However, Stephen Curry's combination of size, NBA pedigree, and shot-making ability, which could be used to space the floor for you-know-who, should make him the Knick's pick come draft day.
The Raptors will need an athletic forward to replace Shawn Marion, who will probably not stay in Toronto much longer, or (even worse) Chris Bosh. Jordan Hill drops to them in this scenario, although Earl Clark might be a more realistic possibility on draft day.
Wayne Ellington, Gerald Henderson, or even Chase Buddinger would be an option if the Raptors opted for depth at Shooting Guard.
Milwaukee needs someone to replace Yi Jianlian and probably Charlie Villanueva. Although Jordan Hill is gone, Earl Clark is big, versatile, and athletic, able to play both small forward and power forward.
Once Michael Redd comes back, a distributor would be nice as well. If Clark is gone, Jrue Holiday, Eric Maynor, or Jonny Flynn could attempt to fill in for Ramon Sessions, who Milwaukee might not be able to re-sign.
11. New Jersey
The Nets are one of the few teams in the lower lottery that is set at the point guard position (with Devin Harris). However, with Vince Carter aging (or not caring), shooting guard will become an issue soon.
Although Gerald Henderson would most likely still be on the board, Chase Buddinger can play shooting guard and small forward and is a player in the mold of last year's pick Ryan Anderson.
The Bobcats need a replacement for Jason Richardson. Wayne Ellington is big, skilled, and played at UNC. If he's available at 12, Ellington could be one of the most automatic non-Griffin picks of the draft.
If the Bobcats draft for need at other positions, forwards DeJuan Blair and James Johnson are options as well, but Ellington or Gerald Henderson (even though he's from Duke) would probably be able to make more of an impact sooner.
When the Jermaine O'Neal trade netted T.J. Ford, the Pacers had a point guard they could rely on—except when he was injured. Ty Lawson most likely will be available, and his speed and ability to steal the ball could help get Danny Granger out on the break more effectively.
The Roy Hibbert pick last year might rule out someone like Blair, although Blair is in some ways the opposite of Hibbert (short but effective) and could help replace some of O'Neal's production down low.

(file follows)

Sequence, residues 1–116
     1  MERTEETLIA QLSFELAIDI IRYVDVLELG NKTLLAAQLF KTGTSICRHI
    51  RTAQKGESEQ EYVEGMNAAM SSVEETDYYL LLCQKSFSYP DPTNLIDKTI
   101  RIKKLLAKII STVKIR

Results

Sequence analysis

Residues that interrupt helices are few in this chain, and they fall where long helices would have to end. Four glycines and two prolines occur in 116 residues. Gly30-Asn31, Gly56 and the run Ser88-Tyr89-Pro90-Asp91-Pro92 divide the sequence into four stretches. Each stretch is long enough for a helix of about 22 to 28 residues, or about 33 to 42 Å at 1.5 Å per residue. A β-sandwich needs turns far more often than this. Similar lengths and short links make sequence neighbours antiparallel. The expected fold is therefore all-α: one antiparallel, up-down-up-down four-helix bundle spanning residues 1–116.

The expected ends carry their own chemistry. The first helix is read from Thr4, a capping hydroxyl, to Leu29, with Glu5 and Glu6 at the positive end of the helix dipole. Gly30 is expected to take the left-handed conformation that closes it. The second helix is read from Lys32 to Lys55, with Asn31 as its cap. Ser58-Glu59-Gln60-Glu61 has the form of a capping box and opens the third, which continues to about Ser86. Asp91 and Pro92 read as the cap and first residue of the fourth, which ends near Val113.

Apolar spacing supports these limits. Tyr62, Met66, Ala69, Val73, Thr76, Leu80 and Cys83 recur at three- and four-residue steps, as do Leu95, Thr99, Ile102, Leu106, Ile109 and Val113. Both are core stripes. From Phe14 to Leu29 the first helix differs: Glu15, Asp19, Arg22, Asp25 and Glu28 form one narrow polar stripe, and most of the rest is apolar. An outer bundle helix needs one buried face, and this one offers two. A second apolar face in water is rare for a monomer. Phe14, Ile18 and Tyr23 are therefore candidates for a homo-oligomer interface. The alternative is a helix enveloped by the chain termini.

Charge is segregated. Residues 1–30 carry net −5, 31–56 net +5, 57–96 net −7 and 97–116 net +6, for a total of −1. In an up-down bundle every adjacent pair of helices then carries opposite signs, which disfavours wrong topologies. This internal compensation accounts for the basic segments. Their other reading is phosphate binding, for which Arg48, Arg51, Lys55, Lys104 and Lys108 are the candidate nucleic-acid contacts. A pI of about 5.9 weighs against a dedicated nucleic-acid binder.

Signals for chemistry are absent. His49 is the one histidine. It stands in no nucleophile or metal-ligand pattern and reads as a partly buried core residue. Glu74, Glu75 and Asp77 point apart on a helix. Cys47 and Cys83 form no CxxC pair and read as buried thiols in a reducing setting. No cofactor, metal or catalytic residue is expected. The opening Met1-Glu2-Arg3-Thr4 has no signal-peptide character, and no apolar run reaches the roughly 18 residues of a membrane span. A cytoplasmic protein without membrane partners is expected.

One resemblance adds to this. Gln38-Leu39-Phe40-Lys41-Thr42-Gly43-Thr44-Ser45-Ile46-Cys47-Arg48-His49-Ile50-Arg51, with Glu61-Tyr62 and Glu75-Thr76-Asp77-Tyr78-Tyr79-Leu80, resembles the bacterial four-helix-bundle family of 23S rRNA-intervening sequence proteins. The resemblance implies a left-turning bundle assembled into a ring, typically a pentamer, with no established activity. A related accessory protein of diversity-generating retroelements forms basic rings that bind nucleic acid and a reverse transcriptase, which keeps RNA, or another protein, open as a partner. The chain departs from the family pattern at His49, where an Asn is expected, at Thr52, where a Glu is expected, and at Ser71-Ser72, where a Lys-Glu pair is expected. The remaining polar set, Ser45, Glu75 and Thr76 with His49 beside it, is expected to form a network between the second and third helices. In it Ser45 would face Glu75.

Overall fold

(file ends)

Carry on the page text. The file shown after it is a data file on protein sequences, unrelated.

Earl Clark would have been nice, but Indiana will probably go with a point guard.
The Suns are in the lottery for the first time in a while and could miss out on the quick Lawson by a few spots.
Just like New York, Phoenix could blow up the entire draft by trading up to No.2 to get Rubio as a replacement for Nash (Amare anyone?). If they swapped picks in the trade, they could take a gamble on a project like Austin Daye, or go with a beast down low like Blair to replace Amare.
Assuming that the Suns don't trade up, it would be a tough choice between the usual point guard suspects: Jrue Holiday, Eric Maynor, and Jonny Flynn.
Flynn, the Big East Tournament MVP, had 13 games with eight or more assists last season and proved his tenacity in the thrilling win over UConn. Learning to play the point with Steve Nash should help Flynn cut down on turnovers and maximize his potential.
The 2009 NBA Draft may be somewhat low on star power, but it could prove to be a deep draft for solid, if not exceptional, guards.
Some high-profile veterans (such as Amare Stoudemire) could find themselves on different teams.
Some teams outside the lottery could find that prospects such as Jrue Holiday have fallen into their range.
As draft day draws nearer, the picture will most likely become clearer, but for now, teams are rightfully scouting a wide variety of potential draftees.